Angry Birds mocks September 11 attacks

The latest installment of Angry Birds Rio is entitled “Airfield Chase” and includes level 9-11 (sound familiar?) featuring a mock airliner being bombed by egg-dropping birds, with the intention of destroying targets inside the airplane.  I find this particular level of the game to be in poor taste.

A reference to the September 11 attacks?

As an American, I am particularly sensitive to the events of ten years ago, on September 11, 2001, when 2,753 of our fellow citizens were ruthlessly killed by terrorists.  I find it less than appropriate that Rovio Entertainment Ltd. would choose to release this particular level so close to the 10th anniversary of that fateful day in our past.

Birds "bomb" the mock airliner

Among other details of note are the game’s introductions of exploding jet fuel (which I don’t believe has ever been part of any of the previous game segments), mock control tower, complete with operators and caged passengers.  Additionally, the major “bonus” of this level is to completely destroy the airliner, after which the player receives an award of a “Golden Apple” (representing New York?).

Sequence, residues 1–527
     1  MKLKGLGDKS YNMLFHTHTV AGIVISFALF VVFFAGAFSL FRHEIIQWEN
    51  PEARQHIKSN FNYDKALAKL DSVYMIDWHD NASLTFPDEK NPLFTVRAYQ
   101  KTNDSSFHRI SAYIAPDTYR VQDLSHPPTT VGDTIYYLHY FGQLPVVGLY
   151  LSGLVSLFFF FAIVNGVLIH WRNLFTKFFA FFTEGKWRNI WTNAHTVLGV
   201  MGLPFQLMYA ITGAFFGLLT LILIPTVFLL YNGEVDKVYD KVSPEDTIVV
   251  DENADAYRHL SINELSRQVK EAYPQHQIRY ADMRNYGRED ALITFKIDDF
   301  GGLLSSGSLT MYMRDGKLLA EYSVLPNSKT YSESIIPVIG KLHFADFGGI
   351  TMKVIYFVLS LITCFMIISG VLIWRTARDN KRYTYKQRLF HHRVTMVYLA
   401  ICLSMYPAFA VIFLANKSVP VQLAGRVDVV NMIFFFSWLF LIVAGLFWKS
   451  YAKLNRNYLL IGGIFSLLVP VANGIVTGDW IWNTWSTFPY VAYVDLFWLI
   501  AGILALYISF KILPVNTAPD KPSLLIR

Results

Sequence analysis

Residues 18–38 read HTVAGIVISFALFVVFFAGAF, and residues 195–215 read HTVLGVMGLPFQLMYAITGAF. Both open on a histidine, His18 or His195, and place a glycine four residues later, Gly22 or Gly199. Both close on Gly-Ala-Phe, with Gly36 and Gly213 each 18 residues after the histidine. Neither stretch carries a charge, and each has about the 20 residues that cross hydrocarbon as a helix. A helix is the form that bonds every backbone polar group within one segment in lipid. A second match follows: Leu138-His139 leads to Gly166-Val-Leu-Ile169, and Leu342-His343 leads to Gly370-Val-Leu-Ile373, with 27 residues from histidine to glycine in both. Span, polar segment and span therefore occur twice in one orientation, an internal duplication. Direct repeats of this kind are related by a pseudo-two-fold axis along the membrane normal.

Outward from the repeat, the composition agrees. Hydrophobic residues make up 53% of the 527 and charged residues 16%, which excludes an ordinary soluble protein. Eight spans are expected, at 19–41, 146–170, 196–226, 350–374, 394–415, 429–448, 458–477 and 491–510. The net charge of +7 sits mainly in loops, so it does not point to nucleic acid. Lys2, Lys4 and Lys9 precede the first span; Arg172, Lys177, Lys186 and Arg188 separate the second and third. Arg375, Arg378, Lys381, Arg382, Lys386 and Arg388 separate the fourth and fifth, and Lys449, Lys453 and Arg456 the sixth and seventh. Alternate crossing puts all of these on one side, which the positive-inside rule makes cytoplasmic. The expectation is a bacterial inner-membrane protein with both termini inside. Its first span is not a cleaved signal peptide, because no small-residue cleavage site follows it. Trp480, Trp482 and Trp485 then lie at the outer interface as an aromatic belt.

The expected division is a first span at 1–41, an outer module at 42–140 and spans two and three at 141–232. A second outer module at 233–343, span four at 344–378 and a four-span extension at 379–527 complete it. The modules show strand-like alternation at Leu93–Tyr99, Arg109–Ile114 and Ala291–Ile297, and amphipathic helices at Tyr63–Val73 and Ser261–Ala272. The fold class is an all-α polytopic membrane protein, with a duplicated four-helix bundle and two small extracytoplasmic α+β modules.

The "Golden Apple" award for destroying the airliner

While I feel that Angry Birds is a brilliant game, I believe that the makers of the game owe an apology to all Americans, as we were each affected directly and indirectly by these past events.  Rovio shoud also remove or replace this level of the game. In my opinion, ten years is still too soon to make light of such a tragedy.  I also think that Rovio, a Finnish company, should consider the negative image that this insensitivity imparts on our comrades in Finland.

I would also ask the sponsors of Rovio to reconsider their association with this company until the aforementioned apology is forthcoming.

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Turn ‘nix directory listing to HTML with shell script

for i in $(ls); do echo $i | sed 's/^/<a href="/' | sed "s/$/\">$i/" 
| sed 's/$/<\/a>/'; done > index.html

You’ve seen this before – a website that requires an index.html file, when all you want to do is list the directory contents.

There are other ways to tell the web server to show directory listings, of course.  But sometimes you get stuck because your I.T. admins won’t set that up, or whatever reason.